The wheels are Italian made Alpina tubeless spoke. The Brakes are Brembo 4 piston front and rear.  We bent up some stainless tubing to frame in the aluminum teardrop seat pan. Beaver Leather Craft provided us with an exemplary saddle of Buffalo hide.  We banged out a mudguard and built an aluminum gas tank that resembles an old 70’s Honda Elsinore tank to finish it off.  We coated the frame with brass/bronze using a metal spray and patinas, then a light sand to bring the color out.  The motor was stripped and polished and reassembled.  All the little bits and pieces of aluminum and stainless were polished and the gas tank and mudguard brushed. In the end we didn’t use one drop of paint on Snatch. It just didn’t need it.  We had a lot of friends show up and help out which ended up being a good time and making me wish I had filmed the whole thing. It would have made a great show. It was like a comical sweatshop for 16 hrs a day. It was a lot of work but for some reason it all feels worth it when I went riding Snatch for the first time.” Satya Kraus, Kraus Motor Co. (all photography copyright Jerry Southworth, courtesy to Cyril Huze)

Zipper's

21 Responses to “The Story Of Snatch. 2nd Place Custom Chrome North America Championship.”


  1. 1 Doc Robinson Apr 4th, 2011 at 7:46 am

    A great exercise in custom styling but let’s be frank, that seat is not in any way anatomically shaped and let’s not go too far from home anyway in case it rains when we’ll find ourself sitting between two virtual fire hoses. And that exhaust looks like it would create a considerable hot spot right by the rider’s left leg. Don’t get me wrong, I really dig the looks of this bike and admire a lot of the very trick design and engineering that has gone into it. I also agree it deserved a high placing. I just can’t get my head around it as a bike that begs to be ridden, so that’s where Satya and I part company.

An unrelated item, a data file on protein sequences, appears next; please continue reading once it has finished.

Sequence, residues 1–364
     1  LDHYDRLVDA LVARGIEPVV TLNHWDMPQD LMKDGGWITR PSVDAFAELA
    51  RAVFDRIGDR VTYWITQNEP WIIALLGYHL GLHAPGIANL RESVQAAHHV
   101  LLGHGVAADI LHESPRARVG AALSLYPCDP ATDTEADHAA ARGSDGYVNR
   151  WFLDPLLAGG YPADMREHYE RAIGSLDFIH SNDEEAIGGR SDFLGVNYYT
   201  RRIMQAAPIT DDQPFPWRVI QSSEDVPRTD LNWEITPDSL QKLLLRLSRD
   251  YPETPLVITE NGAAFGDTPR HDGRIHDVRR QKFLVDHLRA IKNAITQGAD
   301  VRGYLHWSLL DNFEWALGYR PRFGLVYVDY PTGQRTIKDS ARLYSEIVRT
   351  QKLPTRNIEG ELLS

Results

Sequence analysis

2. 2 Sportster Mike Apr 4th, 2011 at 8:01 am

    Seat doesn’t look too bad – I’ve ridden worst ones on Supermotos
    as for the pipes just wear thicker trousers
    Great looking bike with the cut down line on the fins on the engine

  3. 3 TPJ Customs Apr 4th, 2011 at 9:38 am

    Hey doc why don’t you put a pic of your fully stock Bagger with coffee holder and extra soft comfy seat and your new bolt on exhaust up so we can rip it apart. Snatch is a work of art that will lay the smackdown on most bikes. I’m really tired of the people who just rip anything different. Yes you should not ride a bike like this leave it to the people that respect the function of a machine like this. So put on your assless chaps and jump on your 900lbs Bagger that almost got list in the parking lot except for the big coon tail on your 20′ antenna and cruise and let us ride bikes like this. Thanks Cyril for all the cool bikes you put up.

  4. 4 leston Apr 4th, 2011 at 9:59 am

    That rear suspension is genius. great build

  5. 5 Larry R Apr 4th, 2011 at 10:22 am

    I really like the bike and thought put into it. The rear suspension is trick as is the front. I think it would be a great bike to ride and I am old. Thanks guys for bring us this article.

  6. 6 George Chaos Cycle Apr 4th, 2011 at 11:35 am

    this bike is incredible! the seat is shaped right, the exhaust is nowhere near your leg it is tucked in behind the primary. As far as riding it ? the bike begs to be ridden Hard! My only question is why second and not first?

  7. 7 RogerG Apr 4th, 2011 at 11:43 am

    Great little bike Satya and Alan, congrats .